Achal Dhillon is the MD of Killing Moon; an independent British music company and his recent blog on the untouched topic of Music Industry’s health crisis is revelatory but not surprising as we hear of many instances of self-harm, depression and more increasingly suicide from the industry. Loudest caught up with the entrepreneur to further the topic of how to deal with the mental health crisis plaguing the music industry.

Loudest: How do you think businesses profit off of musicians’ mental health issues?

 

 

Anchal:A large part of music marketing, particularly now, rests on contemporaneous issues at the time of releases to equate to the general “relevance” of the artist in question, and conversely as far as the music consumer market is concerned, a degree of emotional proximity to those artists commonly resting on those issues. 

 

One way of looking at it, in a positive lens, is that a sympathetic public basking in the overall tragic nature surrounding the artist’s mental health issues, or possibly their suicide band together in an attempt to raise money on the artist’s behalf for some sort of benevolent cause – for example, the sheer amount of charitable activity, albeit largely fan-led rather than business-led per se, following Scott Hutchison’s death early this year can’t be described any other way as positive. 

 

A far more negative way of looking at it is particular rightsholder, say a record label, substantially benefitting in commercial terms due to the empirical surge in streams and sales of master records – and the insinuation therefore that presently, it can be said to a degree that it might not be in that rightsholder’s interests to change the environments or circumstances that may exacerbate an artist’s mental health or addiction issues. 

 

So if it can be conclusively proved that in fact, it is overall in everyone’s interests to keep artists – and I absolutely would extend this to music industry professionals and fans as well – alive and well economically-speaking, I think steps towards reform in this area will have a much smoother ride. 

 

Loudest: How do you think stakeholders can tackle this issue?

The economic expansion and indeed amount of money coursing its way through the music industry since the true advent of DSPs and playlist culture has been felt in the past three years or so is well-documented, so I don’t believe that collectively we can continue to see relief methods applicable to those suffering from mental illnesses as a financial luxury – the money is actually there to treat those concerned as an ongoingly preventative measure, rather than dealing with it when tragedy has befallen an individual, whether artist or industry professional or fan, or worse when it is literally too late and a suicide has taken place.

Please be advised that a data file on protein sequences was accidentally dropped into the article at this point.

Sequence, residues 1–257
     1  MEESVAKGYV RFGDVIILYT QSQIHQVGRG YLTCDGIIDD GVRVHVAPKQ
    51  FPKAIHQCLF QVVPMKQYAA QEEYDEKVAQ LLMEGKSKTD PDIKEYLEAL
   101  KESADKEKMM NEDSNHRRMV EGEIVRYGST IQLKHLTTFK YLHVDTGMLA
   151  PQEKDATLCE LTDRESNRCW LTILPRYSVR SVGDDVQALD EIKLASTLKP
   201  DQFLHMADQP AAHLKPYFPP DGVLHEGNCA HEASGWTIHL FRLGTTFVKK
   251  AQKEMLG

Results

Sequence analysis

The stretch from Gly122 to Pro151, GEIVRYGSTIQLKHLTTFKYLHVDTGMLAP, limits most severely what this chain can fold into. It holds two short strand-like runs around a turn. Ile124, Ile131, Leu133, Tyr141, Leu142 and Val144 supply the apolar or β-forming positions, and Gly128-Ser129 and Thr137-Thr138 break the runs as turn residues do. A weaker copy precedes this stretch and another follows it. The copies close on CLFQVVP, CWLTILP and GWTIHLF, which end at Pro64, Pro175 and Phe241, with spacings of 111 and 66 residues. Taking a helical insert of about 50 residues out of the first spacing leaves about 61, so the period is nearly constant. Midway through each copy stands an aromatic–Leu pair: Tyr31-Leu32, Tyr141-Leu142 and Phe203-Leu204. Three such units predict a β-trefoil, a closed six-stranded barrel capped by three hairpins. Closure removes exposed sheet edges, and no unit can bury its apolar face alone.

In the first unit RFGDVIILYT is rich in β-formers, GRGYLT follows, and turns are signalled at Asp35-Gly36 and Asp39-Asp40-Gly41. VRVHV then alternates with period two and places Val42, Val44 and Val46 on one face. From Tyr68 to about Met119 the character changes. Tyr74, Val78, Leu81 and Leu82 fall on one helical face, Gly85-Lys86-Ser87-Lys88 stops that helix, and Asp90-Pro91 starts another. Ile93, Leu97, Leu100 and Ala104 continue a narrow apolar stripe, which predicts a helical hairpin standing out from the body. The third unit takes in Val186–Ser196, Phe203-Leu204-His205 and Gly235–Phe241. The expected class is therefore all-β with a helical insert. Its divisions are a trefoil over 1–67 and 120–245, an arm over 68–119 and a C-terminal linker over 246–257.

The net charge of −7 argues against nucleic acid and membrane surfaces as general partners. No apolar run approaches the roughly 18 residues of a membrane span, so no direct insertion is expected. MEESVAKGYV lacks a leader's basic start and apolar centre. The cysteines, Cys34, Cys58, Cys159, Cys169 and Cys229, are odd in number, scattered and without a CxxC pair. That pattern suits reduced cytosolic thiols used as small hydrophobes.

Loudest: How can this be researched/ executed? Which laws/ clauses can be implied to enable good mental health?

Achal: There are several ongoing studies accredited by various universities around the world that are empirically measuring the environments that various featured artists (who have subsequently committed suicide or otherwise have had an adverse effect on their life via associated mental health issues) have been present in, in an attempt to determine what changes in those environments and other factors, ranging from pre-existing addictions whether known or unknown to, say, financial stresses, and whether there is a correlation between the two. Working out what exactly is either causing these issues or making them worse is the first step. 

We already have statistics as to the scale of the problem, particularly where not-famous artists are concerned here in the UK. What seems to be missing recurrently is factually-based clinical information, so my hope is that these university-accredited researches will help in this respect. 

From there, I think it can be determined who’s liability it is in fact to ensure the well-being of the subject in question. Should a record label or manager be principally in charge of an artist’s well-being? The employer looking out for the employee, in a similar context? Or should this result in an independent third-party regulatory body to handle, given the sheer scale in conflicts of interests that commonly crop up in dealing with mental health issues? 

My overall hope is that we start to view safeguarding the well-being of music industry stakeholders, known to be at risk, in the same way as we do insurance for any given activity, such as touring or equipment. 

 

Loudest: As you’re running Killing Moon which is an agency that manages artists, how do you tackle decisions that can trigger an artists’ mental health? Do you have any rules set in place? 

 

Achal: Towards the artist, we tackle things on a case by case basis by consulting with each other and keep the dialogue open and very clear. Usually this can come into conflict with our commercial interests; however, I’m of the opinion that any of the aforementioned are of no use to me whatsoever if what I’m doing with them is actively making matters worse for them. 

We typically enjoy a close personal proximity to the artists that we work with and indeed among the KM staff. In fact, we share such close quarters that we’d actually have to be blind in order to not see a change in circumstance or some kind of upcoming activity having an effect on a particular person in this sense. The general rule is to just put yourself in that person’s position, and just think. They’re people, not assets, and we have to treat each other as such. 

Author

Likes to write about music like she likes to sing; in public but for private gratification.

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